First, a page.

Early season games tend to be treated as throw away games because, well, they are early and there is always the assumption that even if a team starts slow there is plenty of time to get back on track and make up the points.
It doesn’t really work that way. Two points in October are the same as two points in March, and while nobody is going to win the Stanley Cup based on what they do in the first month of the season, teams can cost themselves a chance to win it by not making the playoffs at all based on what they do in these early games.
There are a couple of teams that were thought of as potential playoff teams at the start that are currently running the risk of putting themselves in early season holes they may not be able to dig themselves out of.
It is not crazy to worry about a slow start; it is crazy to not worry about a slow start.
Let’s start with the Florida Panthers who are doing it again!
There was some real excitement for the Panthers heading into this season, largely because of the way they finished the 2017-18 season, going 25-8-2 over their final 35 games.
On top of that they were bringing back a good, strong core built around Aleksander Barkov and Vincent Trocheck up front, and added a top-six winger in Mike Hoffman for next to nothing. There was reason to put stock in them as a potential playoff team.
But as they showed last season it really does not matter how well you play in the second half of the season if you completely fall on your face and lay an egg in the first half. For as good as they were over the final 35 games, it still was not good enough to get them in the playoffs as they fell just a single point short.
They have only played seven games so far this season but they are in danger of putting themselves in a similar hole if they do not turn things around. Quickly.
After Tuesday’s loss to the New York Rangers — an especially ugly loss considering the current state of the Rangers — they have managed to win just one of their first seven games, and are still searching for their first win in regulation.
This is potentially problematic.
Let’s just look back over the past 10 years as an example and look at teams that won only one of their first seven games to start a season. There have been 15 of them before this season. Only four of them were able to make the playoffs after that start: The 2015-16 Anaheim Ducks, the 2012-13 Washington Capitals, and the 2008-09 and 2013-14 Philadelphia Flyers.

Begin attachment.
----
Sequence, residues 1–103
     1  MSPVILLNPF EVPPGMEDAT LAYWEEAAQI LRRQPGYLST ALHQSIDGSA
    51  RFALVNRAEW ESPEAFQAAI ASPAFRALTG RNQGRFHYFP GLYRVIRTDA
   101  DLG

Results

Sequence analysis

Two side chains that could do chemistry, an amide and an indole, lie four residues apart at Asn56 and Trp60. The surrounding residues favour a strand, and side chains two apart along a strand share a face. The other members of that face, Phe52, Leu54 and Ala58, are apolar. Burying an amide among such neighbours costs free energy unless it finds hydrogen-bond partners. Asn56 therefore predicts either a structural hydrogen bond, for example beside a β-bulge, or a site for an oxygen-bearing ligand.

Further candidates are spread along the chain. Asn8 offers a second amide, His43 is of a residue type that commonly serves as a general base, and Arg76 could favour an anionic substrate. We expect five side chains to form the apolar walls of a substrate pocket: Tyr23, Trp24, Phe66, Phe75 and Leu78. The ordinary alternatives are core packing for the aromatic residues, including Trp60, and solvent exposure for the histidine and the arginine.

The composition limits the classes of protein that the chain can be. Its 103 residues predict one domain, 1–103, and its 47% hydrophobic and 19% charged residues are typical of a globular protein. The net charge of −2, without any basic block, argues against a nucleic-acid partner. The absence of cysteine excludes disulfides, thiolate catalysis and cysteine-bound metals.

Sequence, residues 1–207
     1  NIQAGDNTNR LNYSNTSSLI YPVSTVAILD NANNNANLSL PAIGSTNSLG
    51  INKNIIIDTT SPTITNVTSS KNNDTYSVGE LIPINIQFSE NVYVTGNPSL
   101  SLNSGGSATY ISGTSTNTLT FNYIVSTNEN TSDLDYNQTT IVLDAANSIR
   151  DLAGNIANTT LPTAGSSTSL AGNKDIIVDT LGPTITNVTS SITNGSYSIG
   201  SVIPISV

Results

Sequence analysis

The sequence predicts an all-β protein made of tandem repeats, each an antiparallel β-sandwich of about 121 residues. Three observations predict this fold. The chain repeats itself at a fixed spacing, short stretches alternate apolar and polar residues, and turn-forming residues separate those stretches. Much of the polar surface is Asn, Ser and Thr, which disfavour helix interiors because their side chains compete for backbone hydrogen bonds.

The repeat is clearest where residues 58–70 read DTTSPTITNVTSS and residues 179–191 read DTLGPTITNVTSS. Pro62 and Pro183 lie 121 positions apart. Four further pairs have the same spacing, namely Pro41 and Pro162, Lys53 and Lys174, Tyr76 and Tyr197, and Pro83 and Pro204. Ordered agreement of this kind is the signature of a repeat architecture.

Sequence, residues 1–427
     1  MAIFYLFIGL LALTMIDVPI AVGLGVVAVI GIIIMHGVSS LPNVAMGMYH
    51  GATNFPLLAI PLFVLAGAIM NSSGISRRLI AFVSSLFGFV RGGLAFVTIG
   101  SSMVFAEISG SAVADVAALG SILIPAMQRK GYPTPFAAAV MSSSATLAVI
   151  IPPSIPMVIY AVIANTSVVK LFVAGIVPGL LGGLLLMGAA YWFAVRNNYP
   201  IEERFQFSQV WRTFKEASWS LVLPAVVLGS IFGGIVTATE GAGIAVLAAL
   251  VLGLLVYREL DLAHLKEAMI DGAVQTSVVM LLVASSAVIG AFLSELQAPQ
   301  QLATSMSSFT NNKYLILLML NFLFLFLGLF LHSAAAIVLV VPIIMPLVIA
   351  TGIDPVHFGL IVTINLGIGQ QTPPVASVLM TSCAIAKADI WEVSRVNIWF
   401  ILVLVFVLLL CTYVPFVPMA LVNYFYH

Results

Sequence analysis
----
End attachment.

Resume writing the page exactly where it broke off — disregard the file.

None of those four made it out of the first round of the playoffs.
If you’re looking for some optimism as a Panthers fan there is the possibility that the return of Roberto Luongo could help solidify a goaltending situation that has been abysmal to start to the year, as well as the fact they have lost a couple of coin flip games in overtime and the shootout, and that they’re not that far away from having three or four wins right now.
But the point is, they don’t have them, and those are important points that have been left on the table for one reason or another. Those points are hard to get back because everyone else in the conference is going to keep collecting points, and as the season progresses whatever games in hand a team may have are not necessarily *wins* in hand.
They are not alone.
Then there is the Los Angeles Kings.
While the Panthers at least have some reason to believe they can maybe get back on track at some point, the Kings don’t really have anything going in their favor.
The Kings are already nine games into their season, and as of Wednesday have won just two of them and they have not looked particularly good in any of them, including during their current five-game losing streak where four of the losses have been by at least three goals … and three by at least four goals.
Over the same 10-year time span mentioned above, there have been 25 teams that have won just two of their first nine games.
Only three ended up making the playoffs (2015-16 Ducks, 2013-14 Flyers, 2012-13 Capitals).
So, yeah, it is early.
But recent history suggests teams that start like these two have (both of whom are already at least five points back of the playoff teams ahead of them) do not usually make the playoffs.
Not saying they absolutely can not; but recent history is not on their side.